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Q&A – Solidere’s Mounir Douaidy

Solidere’s general manager explains the company’s strategy

by Maya Sioufi
The company the Lebanese love to hate is Solidere, Lebanon’s largest developer tasked with rebuilding the Beirut Central District (BCD) after the civil war. While many enjoy sipping coffee by the yachts in Zaitunay Bay, Lebanon’s Porto Fino, and walking around in the Souks, still undergoing further expansion, and even jogging by the newly built marina, there are fears the company has gone beyond its mandate and is now competing with, instead of supporting, businesses and developers. For a better understanding of how the BCD operates, Executive sat with Mounir Douaidy, the general manager of Solidere. 
Solidere has signed contracts for several projects on the Waterfront district, among which are KidzMania and The One. These have been criticized as being illegal as they do not seem to be temporary structures as per the law? 

For 10 years, there was only BIEL (Beirut International Exhibition and Leisure center). A few years ago, we looked at one particular area starting from the entrance of BIEL all the way to the sea. We started with the Beirut Exhibition Center and along the same line, there will be The One (a night club owned by Skybar’s Sky management) and KidzMania (indoor theme park for children). These are temporary activities with seven-to eight-year contracts to create movement and attract people. We only receive rental income and have not taken stakes in the projects. Down the line, all these areas will be sold and developed. 

What will the waterfront district look like once permanent structures start being implemented? 

All the buildings on the frontline facing the park and the sea will be 40 meters high. There will be one or two towers there similar to the ones on the Corniche, such as the Four Seasons or the Platinum Tower. Heights on every lot will be different: some with heights of 52 meters, some with 75 meters and others even a little higher. Concentrations of high-rise buildings will be mainly in the central part of the reclaimed area and not the outside edges, which will be composed of low-rise buildings to catch the views.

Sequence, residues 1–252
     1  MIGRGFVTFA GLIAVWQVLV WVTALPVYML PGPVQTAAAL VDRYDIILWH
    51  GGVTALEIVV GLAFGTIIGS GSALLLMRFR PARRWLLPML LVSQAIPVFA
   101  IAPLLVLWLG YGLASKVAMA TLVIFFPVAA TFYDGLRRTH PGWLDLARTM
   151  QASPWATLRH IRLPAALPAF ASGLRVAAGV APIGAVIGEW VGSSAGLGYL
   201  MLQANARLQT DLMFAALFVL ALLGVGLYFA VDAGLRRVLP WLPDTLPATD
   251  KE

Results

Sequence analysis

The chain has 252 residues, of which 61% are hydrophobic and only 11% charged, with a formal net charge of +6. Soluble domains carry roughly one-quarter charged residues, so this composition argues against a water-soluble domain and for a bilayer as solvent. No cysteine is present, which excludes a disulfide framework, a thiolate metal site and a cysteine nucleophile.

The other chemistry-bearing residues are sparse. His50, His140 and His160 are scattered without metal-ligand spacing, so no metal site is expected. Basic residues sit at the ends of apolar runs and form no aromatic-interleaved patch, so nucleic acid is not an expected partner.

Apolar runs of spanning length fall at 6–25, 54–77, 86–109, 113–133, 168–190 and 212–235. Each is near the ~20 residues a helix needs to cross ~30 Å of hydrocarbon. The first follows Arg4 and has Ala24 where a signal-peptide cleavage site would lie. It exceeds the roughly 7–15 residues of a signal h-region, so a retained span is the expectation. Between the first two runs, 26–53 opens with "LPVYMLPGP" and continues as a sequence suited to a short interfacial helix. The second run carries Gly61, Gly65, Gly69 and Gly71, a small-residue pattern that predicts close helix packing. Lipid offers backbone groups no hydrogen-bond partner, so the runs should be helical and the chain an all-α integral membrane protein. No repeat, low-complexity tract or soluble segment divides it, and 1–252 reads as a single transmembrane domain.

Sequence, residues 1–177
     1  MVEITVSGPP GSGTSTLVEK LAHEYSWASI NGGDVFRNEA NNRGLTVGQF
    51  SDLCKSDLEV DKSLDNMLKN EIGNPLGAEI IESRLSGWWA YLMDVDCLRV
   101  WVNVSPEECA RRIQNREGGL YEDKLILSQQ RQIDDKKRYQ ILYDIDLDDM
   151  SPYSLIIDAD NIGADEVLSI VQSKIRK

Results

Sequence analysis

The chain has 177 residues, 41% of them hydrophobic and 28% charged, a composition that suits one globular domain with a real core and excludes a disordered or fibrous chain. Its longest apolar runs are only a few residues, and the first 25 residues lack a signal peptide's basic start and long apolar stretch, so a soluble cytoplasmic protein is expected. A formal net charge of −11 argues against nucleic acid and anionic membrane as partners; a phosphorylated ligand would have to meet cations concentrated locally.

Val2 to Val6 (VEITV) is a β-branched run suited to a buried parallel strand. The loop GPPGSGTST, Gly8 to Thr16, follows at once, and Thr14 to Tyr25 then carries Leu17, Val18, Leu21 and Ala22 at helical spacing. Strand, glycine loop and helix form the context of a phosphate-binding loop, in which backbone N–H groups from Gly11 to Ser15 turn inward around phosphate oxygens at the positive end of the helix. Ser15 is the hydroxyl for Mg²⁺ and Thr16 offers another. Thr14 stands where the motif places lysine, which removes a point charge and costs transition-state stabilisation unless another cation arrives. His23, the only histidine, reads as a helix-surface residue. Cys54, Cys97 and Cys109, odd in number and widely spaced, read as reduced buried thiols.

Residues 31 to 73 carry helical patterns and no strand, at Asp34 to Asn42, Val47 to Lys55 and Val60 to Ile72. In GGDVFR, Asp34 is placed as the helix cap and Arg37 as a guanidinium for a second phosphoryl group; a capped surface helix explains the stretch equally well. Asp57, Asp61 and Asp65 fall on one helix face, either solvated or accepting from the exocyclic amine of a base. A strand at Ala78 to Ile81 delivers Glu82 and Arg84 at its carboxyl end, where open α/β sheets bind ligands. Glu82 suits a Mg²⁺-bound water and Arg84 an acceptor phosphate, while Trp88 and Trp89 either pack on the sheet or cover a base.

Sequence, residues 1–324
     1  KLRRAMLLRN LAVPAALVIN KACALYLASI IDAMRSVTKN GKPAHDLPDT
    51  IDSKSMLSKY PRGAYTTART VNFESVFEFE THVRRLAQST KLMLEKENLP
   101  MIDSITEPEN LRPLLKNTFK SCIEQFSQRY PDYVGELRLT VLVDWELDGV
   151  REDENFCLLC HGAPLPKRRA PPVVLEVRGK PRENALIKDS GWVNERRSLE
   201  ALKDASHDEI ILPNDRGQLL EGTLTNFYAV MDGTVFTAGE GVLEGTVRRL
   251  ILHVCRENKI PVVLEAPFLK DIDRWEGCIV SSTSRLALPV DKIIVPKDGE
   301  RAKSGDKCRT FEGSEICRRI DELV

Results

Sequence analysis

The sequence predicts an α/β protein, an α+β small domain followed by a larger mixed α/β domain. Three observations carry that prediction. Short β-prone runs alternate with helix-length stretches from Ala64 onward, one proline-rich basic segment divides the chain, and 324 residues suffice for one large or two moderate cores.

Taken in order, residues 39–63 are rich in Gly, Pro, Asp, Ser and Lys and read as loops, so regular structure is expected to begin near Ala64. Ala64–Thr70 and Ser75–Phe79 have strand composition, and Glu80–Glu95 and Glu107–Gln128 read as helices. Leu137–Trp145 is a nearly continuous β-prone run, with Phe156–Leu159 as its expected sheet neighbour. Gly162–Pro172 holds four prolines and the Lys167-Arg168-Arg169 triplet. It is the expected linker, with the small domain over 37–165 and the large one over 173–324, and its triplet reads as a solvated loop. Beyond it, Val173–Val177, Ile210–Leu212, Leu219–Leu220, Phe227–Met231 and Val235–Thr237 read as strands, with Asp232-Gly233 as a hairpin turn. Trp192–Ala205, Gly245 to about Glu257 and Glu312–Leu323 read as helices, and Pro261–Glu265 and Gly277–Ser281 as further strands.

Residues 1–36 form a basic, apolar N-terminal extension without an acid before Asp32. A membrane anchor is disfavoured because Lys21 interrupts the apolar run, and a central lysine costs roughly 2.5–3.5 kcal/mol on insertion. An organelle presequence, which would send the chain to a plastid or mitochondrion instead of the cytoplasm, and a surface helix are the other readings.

In a context of regional turmoil and lack of domestic stability, Solidere’s recently reported 2011 results saw revenues drop by 23 percent year-on-year to $296 million. How is 2012 looking so far?  

Last year, we did not sign a land sale deal until the fourth quarter when we signed four deals for $220 million, which constituted the main part of our revenues. So for 2012, I don’t know yet because we still have six months. All I can tell you is we are on the right track for sales because there is demand.

What changes have you seen in terms of demand? 

The negotiations to materialize a transaction are taking longer than usual. We have also had to break up bigger blocks into smaller units so that it becomes easier to sell these units. Finally, most of the investors looking to acquire land are, more and more, coming from Lebanon as opposed to the region.